July 20, 2010
The design is finalized, the articles are in place, the proofs have been checked and now—at long last—the August issue is off to press. So, what's in store for the upcoming magazine? You'll have to wait a few weeks to find out, but here are a few things to look forward to:
Tricycle has long been interested in how historical scholarship can both challenge and enrich dharma practice. In the upcoming issue, Buddhist scholar Rita M. Gross addresses the importance—and the difficulties—of teaching Buddhist history to Buddhist practitioners. From her piece:
Many Buddhists, including the His Holiness Dalai Lama, are keenly interested in modern science. Many claim with no small amount of pride that Buddhism is compatible with modern science and like to quote the Dalai Lama’s famous statement “If scientific analysis were conclusively to demonstrate certain claims in Buddhism to be false, then we must accept the findings of science and abandon those claims.” Given this high regard for squaring Buddhism with findings derived from rigorous modern scholarship, I find it curious that there have been few such comments about the immense contributions Western and Japanese historians of Buddhism have made and how little impact their work has had on Buddhist self-understanding. Why is this? I suggest that it is because the findings of modern historical studies are far more challenging to some traditional Buddhist perspectives than is modern science.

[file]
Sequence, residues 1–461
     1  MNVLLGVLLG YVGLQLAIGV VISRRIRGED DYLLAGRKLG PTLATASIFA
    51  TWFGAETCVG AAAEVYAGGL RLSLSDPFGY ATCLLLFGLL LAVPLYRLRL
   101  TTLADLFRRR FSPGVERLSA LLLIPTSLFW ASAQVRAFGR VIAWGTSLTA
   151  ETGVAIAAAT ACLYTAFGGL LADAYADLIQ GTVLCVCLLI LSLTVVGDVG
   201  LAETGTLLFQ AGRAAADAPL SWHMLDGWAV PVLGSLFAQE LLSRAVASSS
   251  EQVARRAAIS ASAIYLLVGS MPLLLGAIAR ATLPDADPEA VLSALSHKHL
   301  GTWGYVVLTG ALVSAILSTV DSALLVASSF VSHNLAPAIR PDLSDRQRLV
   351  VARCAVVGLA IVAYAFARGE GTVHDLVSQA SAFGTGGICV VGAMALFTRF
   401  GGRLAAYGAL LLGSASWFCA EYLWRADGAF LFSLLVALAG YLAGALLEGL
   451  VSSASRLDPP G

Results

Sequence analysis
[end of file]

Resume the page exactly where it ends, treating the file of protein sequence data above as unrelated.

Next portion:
In addition to thought-provoking articles and interviews, the August issue features a portfolio by Zen teacher, calligrapher, and translator Kazuaki Tanahashi. Tanahashi's ensos fill the interior with bright colors and bold brush strokes.
And for those who enjoyed editor-at-large Andrew Cooper's Fall 2009 article on his adventures with the late Buddhist peace activist Maha Ghosananda, you can look forward to Cooper's account of his travels with Thich Nhat Hanh in the early 1980s.
Beyond that, our lips are sealed. Look for the new issue on newsstands August 1! The cover will be hard to miss...